A state appeals court panel Wednesday upheld a felon’s conviction for murdering a former Long Beach City College football player during a robbery outside a fast-food restaurant.

The three-justice panel from California’s 2nd District Court of Appeal rejected Edward Jacobs’ claim that there was insufficient evidence to support the jury’s finding of a special circumstance allegation of murder during the course of a robbery involving the shooting of Guy Eugene Alford III in Long Beach.

“We disagree as there was evidence Jacobs intended to rob Alford before the shooting,” the appellate court panel concluded in its 17-page ruling.

The appellate court justices also rejected the defense’s contention that the trial court erred by failing to conduct a hearing to require proof that the method of DNA analysis used in the case was generally accepted as reliable in the scientific community, with the panel finding that his argument is “without merit.”

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Alford, 20, of Hawthorne, was killed while with a group of friends in a vehicle in the drive-thru lane of a Jack-in-the-Box near 52nd Street and Atlantic Avenue early in the morning of Sept. 26, 2018.

In her opening statement in Jacobs’ trial, Deputy District AttorneyKaren Brako told jurors that one of the men in Alford’s vehicle heard the masked and hooded assailant say something like “Give me” before a struggle and gunshots ensued as the victim was ordering food in the restaurant’s drive-thru lane.

A reference sample later obtained of Jacobs’ DNA matched the DNA profile found on a watch that was discovered in the drive-thru lane, along with evidence from the interior and exterior of the victim’s car and the victim’s fingernails, the prosecutor told jurors.

Alford died at the scene from a gunshot wound to the neck.

Guy Alford holds a photo of his son Guy Alford III, 20, in Long Beach Sept. 26, 2018. Alford came out to see where his son was killed the night before at a drive-through fast food restaurant in the 5100 block of Atlantic Avenue. Photo by Thomas R. Cordova.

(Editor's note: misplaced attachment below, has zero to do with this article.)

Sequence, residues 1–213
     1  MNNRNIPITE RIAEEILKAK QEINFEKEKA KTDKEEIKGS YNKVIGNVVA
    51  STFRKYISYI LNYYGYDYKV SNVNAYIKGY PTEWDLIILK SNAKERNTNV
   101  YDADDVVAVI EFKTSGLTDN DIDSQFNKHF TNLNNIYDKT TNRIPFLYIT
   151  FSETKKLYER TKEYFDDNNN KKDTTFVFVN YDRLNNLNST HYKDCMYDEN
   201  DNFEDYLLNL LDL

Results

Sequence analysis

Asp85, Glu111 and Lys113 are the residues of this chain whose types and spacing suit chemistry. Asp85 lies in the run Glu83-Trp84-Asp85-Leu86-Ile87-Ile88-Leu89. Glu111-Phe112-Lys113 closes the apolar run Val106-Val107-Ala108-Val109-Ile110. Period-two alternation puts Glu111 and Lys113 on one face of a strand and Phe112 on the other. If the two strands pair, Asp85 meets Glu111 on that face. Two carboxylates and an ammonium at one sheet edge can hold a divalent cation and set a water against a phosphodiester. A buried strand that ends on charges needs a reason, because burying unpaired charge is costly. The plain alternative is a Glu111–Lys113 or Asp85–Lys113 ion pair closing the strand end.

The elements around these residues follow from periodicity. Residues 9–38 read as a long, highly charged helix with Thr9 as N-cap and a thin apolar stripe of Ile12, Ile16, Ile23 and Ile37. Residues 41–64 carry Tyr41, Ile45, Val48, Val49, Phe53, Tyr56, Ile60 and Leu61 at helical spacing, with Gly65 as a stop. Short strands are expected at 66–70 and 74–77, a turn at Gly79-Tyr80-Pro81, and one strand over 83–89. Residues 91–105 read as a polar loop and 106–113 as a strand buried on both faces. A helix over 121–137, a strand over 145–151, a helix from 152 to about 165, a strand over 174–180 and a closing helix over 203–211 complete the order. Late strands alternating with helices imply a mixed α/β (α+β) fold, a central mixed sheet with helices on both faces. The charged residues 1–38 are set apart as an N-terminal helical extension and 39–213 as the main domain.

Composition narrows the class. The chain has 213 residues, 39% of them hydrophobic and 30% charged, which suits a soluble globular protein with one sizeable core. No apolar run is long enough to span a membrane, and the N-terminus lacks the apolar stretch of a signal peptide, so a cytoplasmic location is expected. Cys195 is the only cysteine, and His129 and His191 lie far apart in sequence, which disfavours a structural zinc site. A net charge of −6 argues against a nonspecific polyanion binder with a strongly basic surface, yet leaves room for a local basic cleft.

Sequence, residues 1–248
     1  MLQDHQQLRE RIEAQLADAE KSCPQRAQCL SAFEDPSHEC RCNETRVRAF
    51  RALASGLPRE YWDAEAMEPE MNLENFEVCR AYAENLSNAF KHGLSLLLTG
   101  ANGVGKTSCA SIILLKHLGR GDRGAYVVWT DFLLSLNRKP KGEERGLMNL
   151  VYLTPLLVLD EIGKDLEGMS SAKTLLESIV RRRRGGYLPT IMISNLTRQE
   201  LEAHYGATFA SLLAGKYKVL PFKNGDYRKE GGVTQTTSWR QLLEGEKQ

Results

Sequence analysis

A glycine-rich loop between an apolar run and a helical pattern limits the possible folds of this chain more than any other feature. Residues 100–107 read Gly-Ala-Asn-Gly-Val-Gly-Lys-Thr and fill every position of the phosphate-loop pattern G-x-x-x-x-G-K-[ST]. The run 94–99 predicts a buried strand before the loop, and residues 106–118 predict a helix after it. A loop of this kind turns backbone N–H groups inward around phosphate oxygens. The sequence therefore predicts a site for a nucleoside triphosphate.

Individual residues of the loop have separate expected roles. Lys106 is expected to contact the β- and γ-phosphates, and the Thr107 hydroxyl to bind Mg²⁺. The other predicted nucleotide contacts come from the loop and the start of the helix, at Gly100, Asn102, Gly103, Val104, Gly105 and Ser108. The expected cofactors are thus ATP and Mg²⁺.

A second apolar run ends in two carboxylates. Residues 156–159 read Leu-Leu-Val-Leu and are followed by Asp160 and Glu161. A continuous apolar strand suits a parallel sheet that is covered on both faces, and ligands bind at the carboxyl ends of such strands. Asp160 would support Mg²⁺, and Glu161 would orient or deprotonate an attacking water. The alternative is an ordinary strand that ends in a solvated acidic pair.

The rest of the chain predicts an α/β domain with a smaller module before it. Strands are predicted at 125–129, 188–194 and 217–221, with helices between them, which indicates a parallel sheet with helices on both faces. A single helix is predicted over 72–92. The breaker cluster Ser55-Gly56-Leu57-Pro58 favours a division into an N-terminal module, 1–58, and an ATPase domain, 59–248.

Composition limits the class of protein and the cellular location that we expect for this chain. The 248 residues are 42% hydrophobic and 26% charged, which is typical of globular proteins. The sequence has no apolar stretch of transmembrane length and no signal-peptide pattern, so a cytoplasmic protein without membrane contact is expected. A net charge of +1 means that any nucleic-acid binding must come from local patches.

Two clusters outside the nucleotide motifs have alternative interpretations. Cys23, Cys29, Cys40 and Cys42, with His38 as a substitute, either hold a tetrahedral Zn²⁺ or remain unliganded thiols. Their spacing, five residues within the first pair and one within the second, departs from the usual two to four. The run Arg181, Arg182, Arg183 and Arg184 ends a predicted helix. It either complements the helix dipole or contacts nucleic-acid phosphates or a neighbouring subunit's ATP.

“Based on their investigation, detectives believe Jacobs approached Alford with the intent of committing a robbery, which ultimately resulted in Alford being shot by Jacobs,” Long Beach police said in a statement shortly after Jacobs was arrested in October 2019.

In his opening statement to jurors, defense attorney Samuel Leonard countered that “this is a wrong person case.”

Jacobs’ lawyer said DNA testing of the watch showed a DNA mixture from four people — three of whom were never identified.

“There is no reliable evidence … that Mr. Jacobs was involved in these events,” Leonard told jurors.

Jurors deliberated just over two hours before finding Jacobs guilty in September 2021 of first-degree murder. Jacobs — who had prior convictions from 2011 for robbery and 2015 for attempted robbery — was also found guilty of possession of a firearm by a felon.

Jacobs was sentenced in November 2021 to life in prison without the possibility of parole.

Shortly before handing down the sentence, Superior Court Judge Judith Meyer called the killing a “tragedy.”

The victim’s mother, April Roby, told the judge then that it had been more than 1,100 days since she was able to touch her son and that the call she received from the coroner’s office about her son’s death “plays over and over in my mind.”

“My future stops right at my son’s grave because I’m a childless mother,” she said. “The world has lost a great Black man, again to senseless violence.”

The judge told Alford’s mother she thought it was “extremely likely that your son took a bullet” for the other passengers who were in the vehicle with him outside the fast-food restaurant.

“I call you a hero’s mother,” Meyer told the woman. “Perhaps that’s your new mantra.”

The victim’s father, Guy Eugene Alford Jr., told the judge the family’s day in court had arrived, and he wanted the maximum sentence for his son’s killer. He thanked the prosecutor and the Long Beach Police Department for “bringing this predator to justice.”

Outside court, the victim’s mother said that even after his death the family was still getting emails from football coaches who were interested in recruiting her son, who decided at age 15 that he wanted to become a nurse.

Shortly after Alford’s death, the Long Beach City College football program mourned the Inglewood native’s death on its Twitter feed in a posting that read: “A very sad day for our Viking family. Senseless violence. ‘May the choirs of Angels come to greet you Guy!’ Great team player but a better person!”

The team’s defensive backs coach, Darnell Lacy, wrote on his page, “Tired of the cowards! This dude didn’t deserve this.”

Former LBCC defensive backs coach James Wheeler, who coached Alford for two years, said in a Twitter post: “This was honestly a good, good kid and this one really hurts.”

Alford also played football at Bishop Alemany High School in Mission Hills.